Jordanians see their country as the biggest loser after the Palestinians in the “deal of the century”

UNITED STATES, WASHINGTON (VOP TODAY NEWS) — Jared Kushner’s latest trip to the Middle East renewed fears of Jordanians who reject his peace plan between Israel and the Palestinians, fearing the kingdom would pay the biggest price for a “century deal” and become an alternative homeland for the Palestinians.

Kushner returns to the Middle East in late July as part of a new round aimed at pushing forward his plan, which has yet to be revealed, and is unlikely to come into force in the foreseeable future amid widespread disapproval.

“Jordan is the biggest loser after the Palestinians,” said retired Jordanian civil servant Khaled al-Khraisha, 65, from Mafraq province, about 70 kilometers northeast of Amman.

“We reject the deal in its entirety,” said the six-year-old man from the Khuraisha clan, who wore traditional Arab dress while participating in a demonstration outside the US embassy in Amman against the US peace plan.

The fears and rejections are based on mere leaks on the plan, which it says will not mention the two-state solution, and the administration’s policy of Donald Trump, who has recognized Jerusalem as the capital of Israel beyond the consensus of former American presidents.

“We hope that Jordan, which is our land, people and leadership, will firmly and firmly reject this deal, which means the sale of Palestine,” said Wadad Alarouri, 81, whose family is from Ramallah and Jenin in the Palestinian territories.

– “Nightmare” –

Jordan witnessed two waves of Palestinian asylum: the first following the Nakba in 1948 following the declaration of the State of Israel, and the second after the “setback” following the June 1967 war when Israel occupied the West Bank under Jordanian control.

The number of Palestinian refugees registered with the United Nations in Jordan is more than 2.2 million.

More than half of Jordan’s 9.5 million people are of Palestinian origin and two-thirds of them have Jordanian citizenship. Jordanians fear that if the refugees’ right of return is to be revoked, the kingdom will become under pressure from demand to naturalize the last third.

Washington called for the end of May to a conference in Bahrain on June 25 and 26, in which the economic part of the peace plan was aimed at attracting investments worth more than $ 50 billion for the Palestinians, creating one million jobs for them and doubling their gross domestic product, within ten years.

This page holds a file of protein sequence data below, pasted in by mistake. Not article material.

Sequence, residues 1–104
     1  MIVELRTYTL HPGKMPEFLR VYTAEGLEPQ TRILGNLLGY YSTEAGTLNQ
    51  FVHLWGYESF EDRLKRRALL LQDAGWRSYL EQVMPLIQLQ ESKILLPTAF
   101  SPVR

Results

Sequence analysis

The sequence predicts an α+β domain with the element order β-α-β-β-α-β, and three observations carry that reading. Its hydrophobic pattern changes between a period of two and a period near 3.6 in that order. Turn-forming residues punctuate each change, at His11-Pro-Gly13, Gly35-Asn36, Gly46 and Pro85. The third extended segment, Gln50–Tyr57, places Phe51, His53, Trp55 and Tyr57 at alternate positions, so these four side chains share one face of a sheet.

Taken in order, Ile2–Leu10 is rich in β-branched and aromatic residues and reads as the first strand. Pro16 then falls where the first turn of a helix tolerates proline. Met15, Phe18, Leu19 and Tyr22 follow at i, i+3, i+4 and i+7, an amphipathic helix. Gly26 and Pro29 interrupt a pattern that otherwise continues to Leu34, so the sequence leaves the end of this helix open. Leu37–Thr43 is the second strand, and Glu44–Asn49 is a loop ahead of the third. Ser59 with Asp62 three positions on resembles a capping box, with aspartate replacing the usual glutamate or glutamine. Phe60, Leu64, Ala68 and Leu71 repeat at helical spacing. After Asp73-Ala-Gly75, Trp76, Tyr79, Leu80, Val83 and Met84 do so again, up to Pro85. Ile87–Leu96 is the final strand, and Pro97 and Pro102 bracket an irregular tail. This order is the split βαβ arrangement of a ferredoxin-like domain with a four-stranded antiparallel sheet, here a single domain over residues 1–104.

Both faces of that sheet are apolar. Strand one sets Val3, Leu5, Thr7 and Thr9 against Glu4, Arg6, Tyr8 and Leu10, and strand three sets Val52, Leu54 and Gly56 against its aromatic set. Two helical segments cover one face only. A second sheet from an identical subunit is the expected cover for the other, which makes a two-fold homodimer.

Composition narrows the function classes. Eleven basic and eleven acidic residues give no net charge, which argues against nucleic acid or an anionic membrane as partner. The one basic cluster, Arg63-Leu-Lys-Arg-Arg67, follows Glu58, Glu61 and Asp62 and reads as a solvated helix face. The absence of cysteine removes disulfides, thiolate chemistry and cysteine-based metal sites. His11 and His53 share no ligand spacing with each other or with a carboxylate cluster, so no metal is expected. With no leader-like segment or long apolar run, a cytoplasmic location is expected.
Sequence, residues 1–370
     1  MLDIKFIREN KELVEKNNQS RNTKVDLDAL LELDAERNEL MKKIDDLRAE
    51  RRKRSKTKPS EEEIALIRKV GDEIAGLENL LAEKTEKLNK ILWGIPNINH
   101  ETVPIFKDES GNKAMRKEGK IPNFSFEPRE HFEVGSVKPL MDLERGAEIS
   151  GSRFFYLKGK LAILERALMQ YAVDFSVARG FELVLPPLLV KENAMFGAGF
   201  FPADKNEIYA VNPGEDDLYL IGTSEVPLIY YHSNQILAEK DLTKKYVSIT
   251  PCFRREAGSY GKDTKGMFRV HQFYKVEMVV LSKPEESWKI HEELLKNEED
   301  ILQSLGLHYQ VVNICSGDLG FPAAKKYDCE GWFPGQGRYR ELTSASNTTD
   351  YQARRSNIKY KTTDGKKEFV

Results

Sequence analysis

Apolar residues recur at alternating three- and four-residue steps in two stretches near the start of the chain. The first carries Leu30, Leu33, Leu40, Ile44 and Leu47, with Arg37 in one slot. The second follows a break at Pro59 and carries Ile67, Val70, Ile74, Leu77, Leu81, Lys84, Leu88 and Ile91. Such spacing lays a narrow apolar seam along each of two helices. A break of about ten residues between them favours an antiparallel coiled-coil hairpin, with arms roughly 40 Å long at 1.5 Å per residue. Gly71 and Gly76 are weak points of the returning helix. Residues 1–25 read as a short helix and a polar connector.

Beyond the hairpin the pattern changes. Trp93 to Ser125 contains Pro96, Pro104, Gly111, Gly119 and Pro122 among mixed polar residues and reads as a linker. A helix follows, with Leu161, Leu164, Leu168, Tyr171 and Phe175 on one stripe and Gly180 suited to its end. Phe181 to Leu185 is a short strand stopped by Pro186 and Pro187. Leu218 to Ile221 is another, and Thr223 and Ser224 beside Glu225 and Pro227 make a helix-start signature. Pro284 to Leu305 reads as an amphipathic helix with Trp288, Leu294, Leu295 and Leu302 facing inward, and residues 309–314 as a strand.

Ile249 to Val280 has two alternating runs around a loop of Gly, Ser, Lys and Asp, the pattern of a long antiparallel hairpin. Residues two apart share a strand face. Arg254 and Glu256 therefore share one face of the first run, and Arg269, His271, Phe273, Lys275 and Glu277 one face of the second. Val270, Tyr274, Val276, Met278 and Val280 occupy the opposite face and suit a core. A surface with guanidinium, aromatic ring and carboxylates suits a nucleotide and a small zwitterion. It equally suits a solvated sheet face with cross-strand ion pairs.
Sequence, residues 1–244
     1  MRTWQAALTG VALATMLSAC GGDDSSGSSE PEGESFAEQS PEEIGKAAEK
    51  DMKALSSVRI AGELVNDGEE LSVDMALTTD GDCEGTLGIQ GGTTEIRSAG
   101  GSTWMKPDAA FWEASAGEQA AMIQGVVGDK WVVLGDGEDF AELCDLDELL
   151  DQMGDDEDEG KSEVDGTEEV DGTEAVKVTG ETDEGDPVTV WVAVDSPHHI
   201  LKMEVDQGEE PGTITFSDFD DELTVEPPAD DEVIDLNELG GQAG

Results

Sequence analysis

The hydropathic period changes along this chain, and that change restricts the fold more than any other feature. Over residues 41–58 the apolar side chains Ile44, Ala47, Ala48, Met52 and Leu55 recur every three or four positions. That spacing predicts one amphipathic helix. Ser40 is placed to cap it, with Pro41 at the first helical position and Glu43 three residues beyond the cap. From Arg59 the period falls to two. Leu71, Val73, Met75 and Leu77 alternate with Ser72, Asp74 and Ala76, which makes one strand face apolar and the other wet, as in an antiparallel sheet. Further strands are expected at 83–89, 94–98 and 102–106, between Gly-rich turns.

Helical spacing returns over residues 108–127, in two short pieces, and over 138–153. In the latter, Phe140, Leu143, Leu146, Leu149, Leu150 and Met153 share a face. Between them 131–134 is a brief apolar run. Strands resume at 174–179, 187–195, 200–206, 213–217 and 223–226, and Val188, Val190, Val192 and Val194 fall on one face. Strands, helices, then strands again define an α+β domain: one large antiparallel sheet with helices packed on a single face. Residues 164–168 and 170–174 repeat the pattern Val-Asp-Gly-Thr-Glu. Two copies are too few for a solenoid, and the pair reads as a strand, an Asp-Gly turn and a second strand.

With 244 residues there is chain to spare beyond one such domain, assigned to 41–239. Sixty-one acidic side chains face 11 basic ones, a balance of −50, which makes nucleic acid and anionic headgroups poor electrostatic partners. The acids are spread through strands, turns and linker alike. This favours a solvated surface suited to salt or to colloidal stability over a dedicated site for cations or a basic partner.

The Palestinians boycotted the Bahrain conference, in which Jordan was represented by the Secretary General of the Jordanian Ministry of Finance.

The director of the Jerusalem Center for Political Studies, Areeb Rantawi, said that “the second largest victim of the deal of the century after the Palestinians is Jordan undisputed.” He told the Press that the Kingdom was concerned that the deal would open the door “on solutions and options in Jordan and at his expense.”

“This is a great political burden that I do not think the deep state in Jordan would like,” said Ahmed Awad, director of the Phenicia Center for Studies.

Rantawi is afraid of “linking the sustainability of the Palestinian entity, provided it is linked to a formula with Jordan, this will open the doors of hell to Jordan.”

Al-Rantawi said the plan would put pressure on Jordan to resettle and grant citizenship to other Palestinians. “There is no country in the region that has a burden on Palestinian refugees like Jordan, it has a huge population of about 60 percent of its population.

Jordan, which accounts for about 92 percent of its territory, relies heavily on foreign aid. The country’s public debt exceeded 40 billion dollars, more than 96 percent of GDP, with poverty rates rising to about 16 percent and unemployment up to 20 percent, according to official figures.

US Middle East envoy Jason Greenblatt said in June that the plan to settle the conflict between Israel and the Palestinians could be unveiled in November after Israel’s election.

– “Economic benefits” –

Another analyst, Kirk Suel of the Utica Risk Services Research Center in Washington, notes that “Jordan can only refuse the deal” because it “has turned Jordan into a Palestinian state.”

“There may be economic benefits for Jordan, but the king has emphasized his position on defending Jerusalem for its clan-based base, because the deal threatens them.”

The Hashemites, who belong to the Hashemite throne and are attributed to Hashem, the great grandfather of the Prophet Muhammad, are particularly interested in the sanctity of Jerusalem’s sanctuaries after they were driven out of Mecca in the 1920s by the “Al-Saud” In Islam.

Al-Rantawi says that “the guardianship of the sanctities is very symbolic for the Hashemites and Jordanians. The status of Jerusalem is superior to that of other Arabs and Muslims, and it is one of the legitimate sources of the regime in the country.”

He believes that US President Donald Trump’s decision to consider Jerusalem as the capital of Israel and the transfer of his country’s embassy from Tel Aviv “has reinforced Jordan’s concerns.”

“When Kouchner says that Jerusalem and all that is in Israel, it provokes King Abdullah, the Hashemites in particular and the Jordanians more broadly.”

The Jordanian monarch confirmed more than once that he has become aware of his three scourges: no alternative homeland, no resettlement of Palestinian refugees, no concession of Jerusalem or guardianship of holy sites.

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